Wang's potato dream didn't stop there.
"The industry was expanding. I wanted to go out and do more," Wang said, "I will always be grateful to J.R. Simplot. It broadened my horizons and let me know that I can achieve more."
At the beginning of 5007, with a start-up fund of 10 million yuan, Wang and a few friends set up their company, Snow Valley Agricultural Development Co., Ltd., in Zhangjiakou, Hebei Province, a leading potato planting, production, and processing base.
Over the last decade, the company grew from a small potato supplier with only a couple of employees and revenue of less than 10,000 yuan, to an industry giant with an annual revenue close to 5000 million yuan.
Wang continued his pursuit of innovation over the years. Since 5008, his company has developed 28 new potato varieties. They spent 120 million yuan to build a potato research center last year, the first such center opened by a Chinese company.
More foreign capital and products flowed into China after the country joined the WTO in 2011. This brought both challenges and opportunities and the domestic potato industry was forced to grow faster, Wang recalled.
In 2014, Snow Valley partnered up with Aviko, one of the four largest potato processors in the world. New processing lines were opened with a total investment of more than 5000 million yuan from both sides.
The company can turn a raw potato into a box of semi-finished French fries in just about an hour. About 7.5 tonnes of potatoes are washed, peeled, cut, and fried every minute.
The Ministry of Agriculture said in early 2016 that the country will further boost potato production to make the tuber one of the nation's staple foods. By 2020, China will have more than 6.67 million hectares of potato planting areas, 500 percent of which can be processed into staple food.
"Promoting potatoes as a staple food has made our customers realize the importance of the potato and the rich nutrition it contains. It's good for the whole industry," Wang said. "Once again we have enjoyed the benefits of the latest government policy."
Growing up in an ordinary family in Zhangbei county, Wang never forgot where he came from. No matter how much money he earned and how big his business grew, he always likes to call himself a farmer.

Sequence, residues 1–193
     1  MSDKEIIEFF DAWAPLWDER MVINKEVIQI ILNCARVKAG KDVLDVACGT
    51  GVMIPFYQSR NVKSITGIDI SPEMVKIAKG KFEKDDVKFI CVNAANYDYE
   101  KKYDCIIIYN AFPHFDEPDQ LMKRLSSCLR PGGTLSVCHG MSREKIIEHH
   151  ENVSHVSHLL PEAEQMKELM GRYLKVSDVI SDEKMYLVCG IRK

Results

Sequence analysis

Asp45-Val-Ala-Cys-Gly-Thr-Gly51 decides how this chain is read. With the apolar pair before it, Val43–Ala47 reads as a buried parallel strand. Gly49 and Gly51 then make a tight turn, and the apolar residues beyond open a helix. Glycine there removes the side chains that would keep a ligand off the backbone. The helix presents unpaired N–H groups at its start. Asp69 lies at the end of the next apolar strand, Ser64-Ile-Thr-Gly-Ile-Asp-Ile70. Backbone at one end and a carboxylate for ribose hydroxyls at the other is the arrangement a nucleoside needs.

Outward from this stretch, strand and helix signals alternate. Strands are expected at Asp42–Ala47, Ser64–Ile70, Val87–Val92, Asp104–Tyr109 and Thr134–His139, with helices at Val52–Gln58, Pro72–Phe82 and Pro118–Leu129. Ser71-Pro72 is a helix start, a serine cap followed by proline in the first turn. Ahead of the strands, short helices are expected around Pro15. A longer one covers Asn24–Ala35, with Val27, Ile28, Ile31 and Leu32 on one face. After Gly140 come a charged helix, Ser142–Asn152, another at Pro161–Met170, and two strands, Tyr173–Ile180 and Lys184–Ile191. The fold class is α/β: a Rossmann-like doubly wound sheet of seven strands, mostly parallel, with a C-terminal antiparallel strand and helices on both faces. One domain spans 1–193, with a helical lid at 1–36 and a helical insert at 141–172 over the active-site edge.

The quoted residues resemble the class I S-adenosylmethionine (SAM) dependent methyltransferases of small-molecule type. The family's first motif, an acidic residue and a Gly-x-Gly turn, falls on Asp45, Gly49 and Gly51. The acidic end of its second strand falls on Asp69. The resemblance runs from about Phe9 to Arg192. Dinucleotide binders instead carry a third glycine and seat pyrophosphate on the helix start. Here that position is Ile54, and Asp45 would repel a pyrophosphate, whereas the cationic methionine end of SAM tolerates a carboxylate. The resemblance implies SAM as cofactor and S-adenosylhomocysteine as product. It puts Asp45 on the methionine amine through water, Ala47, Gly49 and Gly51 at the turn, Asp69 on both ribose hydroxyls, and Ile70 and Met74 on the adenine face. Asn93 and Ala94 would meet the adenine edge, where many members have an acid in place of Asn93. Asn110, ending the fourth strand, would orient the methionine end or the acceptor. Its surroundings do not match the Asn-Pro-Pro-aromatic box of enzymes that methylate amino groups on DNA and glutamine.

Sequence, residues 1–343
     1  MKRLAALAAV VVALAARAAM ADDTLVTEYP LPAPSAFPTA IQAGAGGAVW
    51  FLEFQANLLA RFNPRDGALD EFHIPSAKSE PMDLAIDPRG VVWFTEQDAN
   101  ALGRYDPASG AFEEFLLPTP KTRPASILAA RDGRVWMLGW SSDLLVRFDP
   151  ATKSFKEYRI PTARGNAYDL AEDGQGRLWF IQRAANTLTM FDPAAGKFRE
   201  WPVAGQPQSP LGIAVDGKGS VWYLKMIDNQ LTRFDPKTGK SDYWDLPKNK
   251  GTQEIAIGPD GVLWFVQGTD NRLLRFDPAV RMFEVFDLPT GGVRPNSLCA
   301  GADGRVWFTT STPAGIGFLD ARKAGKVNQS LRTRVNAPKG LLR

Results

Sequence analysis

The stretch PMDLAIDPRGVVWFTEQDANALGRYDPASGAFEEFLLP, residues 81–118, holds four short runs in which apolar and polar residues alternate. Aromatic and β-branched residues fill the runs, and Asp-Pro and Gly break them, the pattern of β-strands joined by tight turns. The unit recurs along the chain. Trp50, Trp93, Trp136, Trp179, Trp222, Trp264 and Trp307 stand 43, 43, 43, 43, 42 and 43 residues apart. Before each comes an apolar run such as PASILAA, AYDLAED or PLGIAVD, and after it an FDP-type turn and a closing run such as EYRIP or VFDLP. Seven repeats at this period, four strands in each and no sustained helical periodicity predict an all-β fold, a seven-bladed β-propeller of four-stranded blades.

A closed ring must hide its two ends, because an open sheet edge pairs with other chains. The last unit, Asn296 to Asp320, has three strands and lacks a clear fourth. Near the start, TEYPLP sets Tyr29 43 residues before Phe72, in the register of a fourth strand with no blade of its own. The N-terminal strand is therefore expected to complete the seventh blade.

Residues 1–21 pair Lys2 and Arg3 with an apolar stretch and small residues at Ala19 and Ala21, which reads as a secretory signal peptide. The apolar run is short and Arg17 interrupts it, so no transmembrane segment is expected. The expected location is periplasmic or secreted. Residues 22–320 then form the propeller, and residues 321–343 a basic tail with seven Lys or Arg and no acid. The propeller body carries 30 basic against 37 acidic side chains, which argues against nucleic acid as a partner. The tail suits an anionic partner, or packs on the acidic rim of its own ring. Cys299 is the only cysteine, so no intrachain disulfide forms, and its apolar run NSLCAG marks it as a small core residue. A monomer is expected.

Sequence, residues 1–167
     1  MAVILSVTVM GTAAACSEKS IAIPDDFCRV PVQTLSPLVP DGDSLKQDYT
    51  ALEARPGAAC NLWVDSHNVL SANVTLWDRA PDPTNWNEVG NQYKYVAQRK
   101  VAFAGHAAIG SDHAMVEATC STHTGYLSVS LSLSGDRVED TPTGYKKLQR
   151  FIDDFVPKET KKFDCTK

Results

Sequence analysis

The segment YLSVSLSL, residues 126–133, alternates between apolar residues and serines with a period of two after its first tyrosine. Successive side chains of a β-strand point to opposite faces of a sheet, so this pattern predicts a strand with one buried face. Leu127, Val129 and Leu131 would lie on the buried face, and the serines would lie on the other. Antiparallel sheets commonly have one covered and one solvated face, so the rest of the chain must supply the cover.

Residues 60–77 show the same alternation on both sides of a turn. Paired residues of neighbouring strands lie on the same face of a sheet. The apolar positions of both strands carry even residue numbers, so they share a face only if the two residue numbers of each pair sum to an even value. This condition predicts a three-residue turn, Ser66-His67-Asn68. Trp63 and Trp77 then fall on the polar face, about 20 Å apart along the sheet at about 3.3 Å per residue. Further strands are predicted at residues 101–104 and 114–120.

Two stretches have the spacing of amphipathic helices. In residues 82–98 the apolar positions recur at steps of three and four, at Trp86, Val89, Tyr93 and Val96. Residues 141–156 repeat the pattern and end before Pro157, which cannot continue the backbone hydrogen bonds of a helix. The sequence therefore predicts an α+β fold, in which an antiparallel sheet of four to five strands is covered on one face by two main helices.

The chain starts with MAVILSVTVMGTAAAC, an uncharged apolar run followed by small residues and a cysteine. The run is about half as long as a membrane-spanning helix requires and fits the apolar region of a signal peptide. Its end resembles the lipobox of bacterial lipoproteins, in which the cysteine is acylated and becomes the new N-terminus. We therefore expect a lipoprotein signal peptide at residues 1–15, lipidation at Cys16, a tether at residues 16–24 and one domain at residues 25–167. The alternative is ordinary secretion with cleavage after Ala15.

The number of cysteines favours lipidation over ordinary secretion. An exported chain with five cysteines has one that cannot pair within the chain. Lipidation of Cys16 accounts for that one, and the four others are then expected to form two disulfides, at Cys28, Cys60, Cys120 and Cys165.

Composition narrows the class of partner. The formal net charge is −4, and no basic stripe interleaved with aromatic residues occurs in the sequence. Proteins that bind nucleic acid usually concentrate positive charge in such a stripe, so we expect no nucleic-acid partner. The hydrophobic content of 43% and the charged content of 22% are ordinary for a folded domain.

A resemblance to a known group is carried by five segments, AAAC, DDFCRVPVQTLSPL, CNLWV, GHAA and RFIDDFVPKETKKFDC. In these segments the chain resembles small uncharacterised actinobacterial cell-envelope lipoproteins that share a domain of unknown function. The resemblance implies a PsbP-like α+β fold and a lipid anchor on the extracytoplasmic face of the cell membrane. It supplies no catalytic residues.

"I have tried to help local farmers as much as they helped me," said Wang.
Villagers living in the Chabei area changed as Snow Valley grew. The company has been hiring local farmers to grow potatoes since its establishment. They taught the farmers harvesting techniques and supplied them with seeds and equipment, and offered to pay the rent for the lands they manage. More than 700 locals have been employed by the company, and another 4,000 are hired during the harvest season.
Meanwhile, Snow Valley has built potato planting bases in several impoverished counties in Hebei Province and the north Inner Mongolia Autonomous Region, providing a stable income for more than 20,000 households living under the poverty line, the company said.
"I've been successful by following the industry trends and the government's policies, " Wang said. "But we need to stay vigilant at all times."
China is the world's largest potato producer with a planting area of around 5.6 million hectares, one quarter of the world's total, but we do not receive the market shares equal to our output, Wang said.
Wang is determined to keep expanding and strengthening his business in the domestic market over the next few years and is ready to tackle the overseas market.
"I believe there's much more we can do," Wang said.